Jim dandy … No. 6 pro Jim Moynagh had his toughest day yet today on Lake Norman, but it could have been a lot tougher if fate hadn’t stepped in. Yesterday, Moynagh thought it would take about 27 pounds to make the top-10 cut. He turned out to be really wrong, as numbers were down from day one and it ultimately took less than 25 pounds to make the finals. But without knowing that, Moynagh was gunning for the 27 mark and had enough in the livewell for a two-day total of 26 pounds and change. So he went looking for a 2 1/2-pound kicker and got one hooked with 10 minutes left to go. “I hooked that fish, but I had my drag all messed up,” said Moynagh, who ultimately lost the fish. “I was sick about it. I’d hate for a mistake with my drag to cost me the cut. Turns out I didn’t need the fish – I needed it a lot more today.” Indeed, Moynagh brought in his lightest limit of the week today, clocking in at 9 pounds, 13 ounces, but believe it or not, he’s pretty sure that same fish he lost yesterday was his kicker fish today. “It was the biggest fish I had,” he said. “I caught it with 30 minutes left on the same lure.” Whether or not it was truly the same fish, we’ll never know. But he would sure like to think it was.
Best of the West … Three well-known West Coast pros are enjoying top-10 status this week, reminding the world once again that the western United States is a proven breeding ground for top-notch bass fishermen. Representing California are Michael Bennett in third place and Gabe Bolivar in fifth place, and while No. 9 Jay Yelas currently has a Texas address, he was bred on West Coast lakes and in fact is competing this year in the Wal-Mart FLW Series National Guard Western Division. “Those Western guys are so excited,” Yelas said of the FLW Series’ westward expansion. “When I saw the schedule, I said, `I have got to fish that.'” … While much has been made of the Western anglers’ prowess, what exactly is it that makes them so good? Bolivar has an idea. “Our guys out there are really versatile, and we have a lot of different lakes,” he said. “We’re all into the weird Japanese trick baits, and we all think about fishing in our sleep.” … Not to be left out, the co-angler top 10 also has its own Western representative – Dino Caporuscio, of Coto de Caza, Calif., who finished sixth and took home $6,000.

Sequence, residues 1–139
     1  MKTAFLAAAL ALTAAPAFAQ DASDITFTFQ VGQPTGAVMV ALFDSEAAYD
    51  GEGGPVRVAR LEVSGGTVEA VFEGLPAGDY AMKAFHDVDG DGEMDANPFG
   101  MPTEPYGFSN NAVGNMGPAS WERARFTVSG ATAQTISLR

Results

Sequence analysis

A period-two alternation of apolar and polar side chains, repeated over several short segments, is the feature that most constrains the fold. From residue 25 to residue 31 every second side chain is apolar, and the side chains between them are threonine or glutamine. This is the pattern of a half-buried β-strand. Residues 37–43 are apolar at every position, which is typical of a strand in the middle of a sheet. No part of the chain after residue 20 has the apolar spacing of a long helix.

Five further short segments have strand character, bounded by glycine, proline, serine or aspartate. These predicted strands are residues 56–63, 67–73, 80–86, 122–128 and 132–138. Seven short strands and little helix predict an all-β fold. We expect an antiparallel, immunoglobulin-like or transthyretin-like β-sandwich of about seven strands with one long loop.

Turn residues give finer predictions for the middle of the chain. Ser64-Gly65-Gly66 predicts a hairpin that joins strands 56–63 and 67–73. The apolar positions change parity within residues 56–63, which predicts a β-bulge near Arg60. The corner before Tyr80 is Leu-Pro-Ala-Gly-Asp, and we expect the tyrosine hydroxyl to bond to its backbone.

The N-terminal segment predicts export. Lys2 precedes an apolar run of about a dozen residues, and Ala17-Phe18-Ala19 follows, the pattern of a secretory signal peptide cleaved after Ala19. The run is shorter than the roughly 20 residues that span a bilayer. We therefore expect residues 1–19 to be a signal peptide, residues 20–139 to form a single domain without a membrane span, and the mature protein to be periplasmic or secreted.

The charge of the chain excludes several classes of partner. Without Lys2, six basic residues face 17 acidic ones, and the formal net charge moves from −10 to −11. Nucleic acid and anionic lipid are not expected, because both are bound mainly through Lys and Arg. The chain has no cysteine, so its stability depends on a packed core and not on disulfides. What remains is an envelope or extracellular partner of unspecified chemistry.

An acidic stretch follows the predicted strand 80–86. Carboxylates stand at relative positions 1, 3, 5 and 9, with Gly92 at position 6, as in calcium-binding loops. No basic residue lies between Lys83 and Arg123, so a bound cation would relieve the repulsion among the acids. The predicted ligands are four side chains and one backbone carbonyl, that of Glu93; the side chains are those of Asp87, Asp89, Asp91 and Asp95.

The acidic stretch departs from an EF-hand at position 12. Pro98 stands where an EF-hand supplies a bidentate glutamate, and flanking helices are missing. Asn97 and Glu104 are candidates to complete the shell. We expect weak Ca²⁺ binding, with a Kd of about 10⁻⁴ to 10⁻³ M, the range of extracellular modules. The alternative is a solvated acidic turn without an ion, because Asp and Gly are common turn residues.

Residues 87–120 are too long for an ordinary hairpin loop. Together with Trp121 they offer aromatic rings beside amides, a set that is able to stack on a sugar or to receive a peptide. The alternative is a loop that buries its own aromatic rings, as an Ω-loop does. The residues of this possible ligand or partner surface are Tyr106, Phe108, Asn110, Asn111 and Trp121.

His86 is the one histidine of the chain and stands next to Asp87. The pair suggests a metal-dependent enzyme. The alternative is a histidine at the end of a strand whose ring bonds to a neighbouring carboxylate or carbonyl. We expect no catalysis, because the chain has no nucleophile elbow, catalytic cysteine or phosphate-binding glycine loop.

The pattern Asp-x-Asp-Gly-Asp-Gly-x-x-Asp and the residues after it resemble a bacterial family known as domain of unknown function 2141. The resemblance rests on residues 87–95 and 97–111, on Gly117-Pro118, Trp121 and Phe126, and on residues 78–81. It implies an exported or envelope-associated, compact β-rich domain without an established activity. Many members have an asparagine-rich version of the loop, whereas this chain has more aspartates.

1: Number of FLW Tour events that co-angler Nathan Webber has ever fished. He ultimately took fourth place.
$40,000: Amount of cash co-angler champion Trevor Jancasz earned for his National Guard Open victory today.
$25,000: Amount of cash Jancasz won two years ago as co-angler winner of the FLW Tour Championship.
2-3: Jancasz’s margin of victory over Debbi, in pounds and ounces.
300: Amount, in American dollars, that Debbi said a tournament victory might pay in Italy.
10,000: Amount, in American dollars, that Debbi earned today as the second-place co-angler.
9: Spots down the leaderboard that day-two leader Hank Cherry fell by ending day three in 10th.
“I didn’t hear him.” – A nervous Debbi, who at the time was in the lead, in response to well-wishes from fellow co-angler Jess Caraballo, who had just weighed out.
“I’m staying at his house, and I’m going to whoop him this time.” – Nixon, on beating good friend and fellow Arkansas pro George Cochran at this year’s Forrest Wood Cup, to be held in Hot Springs, Ark. Cochran earned $500,000 as the winner the last time the championship was held in Hot Springs.
“I feel like an old man, but I’m not as old as Larry. He’s kicking the butt of all of us old-timers.” – Yelas, on fishing against the young Bennett and “old-timer” Nixon.
“That gets your heart beating real fast every time.” – Bolivar, on the prospect of winning $200,000.
“I’ve been dying to wear that camera on my hat.” – No. 4 Vic Vatalaro regarding the infamous “hat cam” used by Fox Sports Net to capture on-the-water performances by FLW Tour top-10 pros. This is Vatalaro’s first FLW Tour top-10 appearance.
“If determination is all you needed to win, by God, I’d win tomorrow.” – Moynagh, after a tough day three.
Tomorrow’s takeoff is scheduled to take place at 7 a.m. Eastern time at Blythe Landing, located at 15901 NC Highway 73 in Huntersville.